Is Gilmer County Ready to Work?

Business, Featured Stories

At last week’s Chamber’s Luncheon, Chief of Staff from the Governor’s Office of Workforce Development Jeffrey T. Ledford presented Gilmer County with a $10,000 grant from the state to continue the Work Ready Program. To achieve this status, the county recently met the two primary qualifications for the grant: 1) The state issued 592 Work Ready certificates to the county 2) Gilmer’s high school graduation rate increased from 73.9 to 87.9 percent. The presentation could not have come at a better time, providing encouragement for the County’s gasping economy.

Anyone new to the county will notice the galleries of empty store fronts in strip-malls and buildings bandaged with For Lease signs, evidence of a wounded economy, expected to fall soon into another recession. Along Main Street in Ellijay, store fronts are littered with For Sale signs and at several businesses in the last few months have closed its doors. County taxes are on the rise more and more in Ellijay and other areas of the county seem like ghost-towns. But, can the Work Ready program help the county?

Initiated by Governor Sonny Purdue in 2006, the Work Ready Program is designed to improve job training and marketability. The idea of the program is to pair “the right jobs with the right people.” Work Ready is a certificate based program where those seeking employment take an assessment test. The test assesses skills such as communication skills and business math skills. When job seekers achieve a designated score, they receive a certificate. The highest level is a Platinum certificate, where the individual scores “at least a level 6 in each of the three core areas and has the necessary skills for 99 percent of the jobs.” The lowest level is a Bronze certificate, where the individual scores “at least a level three in each of the three core areas and has the necessary skills for 35 percent of the jobs.” The program also offers training classes to help test-takers improve their scores. The certificates show employers that certificate holders have a specific and optimal skill set and that Work Ready certified applicants have a guaranteed level of skills and are trainable for other, more advanced tasks. The other side of implementing this program is encouraging employers in the county to recognize Work Ready Certificates above other typical credentials. Another component of the Work Ready program is Job Profiling. Here, an outside company is hired to shadow employees in certain industries to isolate specific skills needed for a particular position, which is incorporated into the Work Ready skill-set. According to Gilmer County Chamber of Commerce President Paige Green, the profiling component reduces turnover costs for companies, one of the greatest costs for employers. Locally, The Work Ready program works in conjunction with the Gilmer Chamber of Commerce, The Community Economic Development Department at Chattahoochee Technical College, and the Small Business Development Center at The University of Georgia.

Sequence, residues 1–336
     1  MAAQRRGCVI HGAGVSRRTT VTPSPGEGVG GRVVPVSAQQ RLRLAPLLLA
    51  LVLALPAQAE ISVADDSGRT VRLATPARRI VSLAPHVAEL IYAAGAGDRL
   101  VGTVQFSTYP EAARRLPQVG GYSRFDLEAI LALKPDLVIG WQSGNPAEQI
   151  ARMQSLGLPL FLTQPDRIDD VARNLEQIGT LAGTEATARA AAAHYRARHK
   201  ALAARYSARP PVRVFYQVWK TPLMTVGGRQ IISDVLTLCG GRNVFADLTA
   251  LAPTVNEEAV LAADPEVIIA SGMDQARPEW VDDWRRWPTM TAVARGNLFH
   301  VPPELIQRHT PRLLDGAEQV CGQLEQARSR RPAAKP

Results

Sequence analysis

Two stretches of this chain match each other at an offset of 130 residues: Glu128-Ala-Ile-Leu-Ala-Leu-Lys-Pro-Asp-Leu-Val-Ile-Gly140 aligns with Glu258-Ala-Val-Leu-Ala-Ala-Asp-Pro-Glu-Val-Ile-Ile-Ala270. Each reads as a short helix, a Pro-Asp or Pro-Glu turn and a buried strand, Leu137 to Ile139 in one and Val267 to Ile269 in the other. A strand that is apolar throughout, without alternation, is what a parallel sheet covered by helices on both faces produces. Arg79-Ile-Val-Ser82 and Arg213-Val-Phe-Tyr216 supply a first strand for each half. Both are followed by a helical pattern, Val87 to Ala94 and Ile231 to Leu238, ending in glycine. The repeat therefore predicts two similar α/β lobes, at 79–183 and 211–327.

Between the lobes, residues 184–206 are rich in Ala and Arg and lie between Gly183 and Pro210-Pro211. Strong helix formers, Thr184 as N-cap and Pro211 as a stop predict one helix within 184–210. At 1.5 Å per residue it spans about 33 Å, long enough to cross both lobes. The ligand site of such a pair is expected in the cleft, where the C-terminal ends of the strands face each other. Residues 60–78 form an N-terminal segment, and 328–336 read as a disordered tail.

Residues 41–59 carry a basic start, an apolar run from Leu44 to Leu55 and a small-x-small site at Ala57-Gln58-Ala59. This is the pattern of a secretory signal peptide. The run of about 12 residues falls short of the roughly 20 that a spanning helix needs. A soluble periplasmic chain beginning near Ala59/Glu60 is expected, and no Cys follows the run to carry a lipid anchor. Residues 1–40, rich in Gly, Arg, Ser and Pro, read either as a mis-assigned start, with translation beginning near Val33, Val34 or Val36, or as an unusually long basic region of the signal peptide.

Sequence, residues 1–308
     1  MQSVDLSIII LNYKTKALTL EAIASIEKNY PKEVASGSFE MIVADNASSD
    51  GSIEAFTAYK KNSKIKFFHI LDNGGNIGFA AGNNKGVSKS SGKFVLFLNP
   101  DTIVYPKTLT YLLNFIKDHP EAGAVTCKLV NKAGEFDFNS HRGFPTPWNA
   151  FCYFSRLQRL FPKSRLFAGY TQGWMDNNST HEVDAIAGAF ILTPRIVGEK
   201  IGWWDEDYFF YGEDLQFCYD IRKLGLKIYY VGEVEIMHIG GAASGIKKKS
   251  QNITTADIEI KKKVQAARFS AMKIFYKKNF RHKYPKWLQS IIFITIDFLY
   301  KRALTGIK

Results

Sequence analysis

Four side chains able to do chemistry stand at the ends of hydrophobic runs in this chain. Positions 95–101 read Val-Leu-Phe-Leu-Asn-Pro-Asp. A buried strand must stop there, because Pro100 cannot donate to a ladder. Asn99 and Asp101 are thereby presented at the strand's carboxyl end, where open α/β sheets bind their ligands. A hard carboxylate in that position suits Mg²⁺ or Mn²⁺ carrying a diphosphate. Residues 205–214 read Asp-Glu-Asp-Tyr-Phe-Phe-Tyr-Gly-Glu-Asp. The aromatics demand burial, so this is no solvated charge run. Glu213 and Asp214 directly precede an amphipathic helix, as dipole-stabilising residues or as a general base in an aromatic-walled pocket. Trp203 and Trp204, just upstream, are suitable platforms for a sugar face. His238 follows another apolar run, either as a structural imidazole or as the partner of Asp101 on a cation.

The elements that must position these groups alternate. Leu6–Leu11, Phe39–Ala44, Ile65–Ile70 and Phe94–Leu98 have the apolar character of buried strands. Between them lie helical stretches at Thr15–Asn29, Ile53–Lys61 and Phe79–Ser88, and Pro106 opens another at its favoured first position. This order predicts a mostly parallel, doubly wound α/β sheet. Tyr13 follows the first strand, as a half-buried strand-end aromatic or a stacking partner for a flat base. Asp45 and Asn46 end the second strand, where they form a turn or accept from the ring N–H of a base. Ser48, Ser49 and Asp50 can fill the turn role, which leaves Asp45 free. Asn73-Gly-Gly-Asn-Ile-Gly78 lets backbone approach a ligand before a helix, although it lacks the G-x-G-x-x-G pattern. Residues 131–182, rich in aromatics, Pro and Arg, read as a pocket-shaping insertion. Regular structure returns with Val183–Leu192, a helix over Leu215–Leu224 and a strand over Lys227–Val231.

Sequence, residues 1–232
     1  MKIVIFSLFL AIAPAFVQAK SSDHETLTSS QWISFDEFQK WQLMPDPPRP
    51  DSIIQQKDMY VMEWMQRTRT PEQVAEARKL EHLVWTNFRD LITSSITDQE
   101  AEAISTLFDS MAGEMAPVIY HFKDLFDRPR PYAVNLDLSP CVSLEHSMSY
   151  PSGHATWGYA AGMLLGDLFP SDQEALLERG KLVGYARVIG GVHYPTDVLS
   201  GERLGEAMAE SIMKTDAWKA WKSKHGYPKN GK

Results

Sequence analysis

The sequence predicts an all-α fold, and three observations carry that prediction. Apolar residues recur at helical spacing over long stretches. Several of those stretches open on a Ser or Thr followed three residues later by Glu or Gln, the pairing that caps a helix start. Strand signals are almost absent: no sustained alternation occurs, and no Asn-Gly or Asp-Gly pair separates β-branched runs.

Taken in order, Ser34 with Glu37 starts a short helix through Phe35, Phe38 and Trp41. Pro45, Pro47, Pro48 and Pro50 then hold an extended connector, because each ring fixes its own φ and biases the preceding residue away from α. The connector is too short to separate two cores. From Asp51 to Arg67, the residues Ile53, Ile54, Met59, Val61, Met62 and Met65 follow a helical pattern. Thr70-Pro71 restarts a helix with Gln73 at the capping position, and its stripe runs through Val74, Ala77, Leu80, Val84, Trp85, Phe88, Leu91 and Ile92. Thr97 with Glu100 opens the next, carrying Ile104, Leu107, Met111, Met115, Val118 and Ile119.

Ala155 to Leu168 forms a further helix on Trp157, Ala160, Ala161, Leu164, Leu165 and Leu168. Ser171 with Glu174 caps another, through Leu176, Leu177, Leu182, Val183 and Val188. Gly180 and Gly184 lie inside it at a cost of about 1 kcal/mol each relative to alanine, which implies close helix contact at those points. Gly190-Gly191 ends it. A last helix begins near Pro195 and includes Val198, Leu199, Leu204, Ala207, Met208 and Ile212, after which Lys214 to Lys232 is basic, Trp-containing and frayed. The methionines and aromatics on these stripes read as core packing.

For Gilmer County, though, the challenge of the program and receiving the grant money is to bring businesses into the county again and, of course, retaining them


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